Fall 2019, Mondays, 9:45-11:45am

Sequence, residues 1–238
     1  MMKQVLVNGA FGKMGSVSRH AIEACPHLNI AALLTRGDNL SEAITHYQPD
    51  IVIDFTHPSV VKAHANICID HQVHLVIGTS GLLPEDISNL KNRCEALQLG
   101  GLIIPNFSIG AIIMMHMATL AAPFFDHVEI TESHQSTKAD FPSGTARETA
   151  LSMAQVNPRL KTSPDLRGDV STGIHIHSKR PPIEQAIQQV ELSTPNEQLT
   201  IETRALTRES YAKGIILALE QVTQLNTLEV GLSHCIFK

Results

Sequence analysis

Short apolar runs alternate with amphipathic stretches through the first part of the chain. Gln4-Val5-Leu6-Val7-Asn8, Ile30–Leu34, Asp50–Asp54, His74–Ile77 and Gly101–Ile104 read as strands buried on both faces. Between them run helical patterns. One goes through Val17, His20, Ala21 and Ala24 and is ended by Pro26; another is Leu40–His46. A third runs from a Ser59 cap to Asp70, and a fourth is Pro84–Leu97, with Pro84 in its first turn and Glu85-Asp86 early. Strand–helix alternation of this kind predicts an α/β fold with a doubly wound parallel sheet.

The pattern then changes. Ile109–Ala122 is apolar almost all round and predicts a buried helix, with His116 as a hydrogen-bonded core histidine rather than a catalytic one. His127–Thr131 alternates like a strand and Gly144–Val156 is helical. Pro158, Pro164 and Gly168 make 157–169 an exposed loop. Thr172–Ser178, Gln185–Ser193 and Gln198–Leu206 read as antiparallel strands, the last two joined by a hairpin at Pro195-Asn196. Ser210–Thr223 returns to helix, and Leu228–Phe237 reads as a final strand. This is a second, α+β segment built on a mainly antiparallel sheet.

This course will explore various forms of Native American cultural and political production in the twentieth century. Drawing on fiction, film, historical documents, documentaries, photographs, nonfiction, and memoirs, this class will explore the ways in which Indigenous people have articulated both belonging and separateness from the United States. In addition to its focus on key aspects of modern indigenous culture and politics—sovereignty, self-determination, decolonization, anti-racism, gender equality, and land claims, to name a few—we will also consider broader conceptual questions. What, for example, is the relationship between indigeneity and modernity? Does the twentieth century mark a distinct break from the first four hundred years of Native-settler history? How does settler colonialism intersect with other forms of oppression? And, why have events like Wounded Knee II and Standing Rock gained support from wider, non-indigenous publics while issues like police brutality against Native people and the ongoing crisis of Missing and Murdered Indigenous Women (MMIW) have not?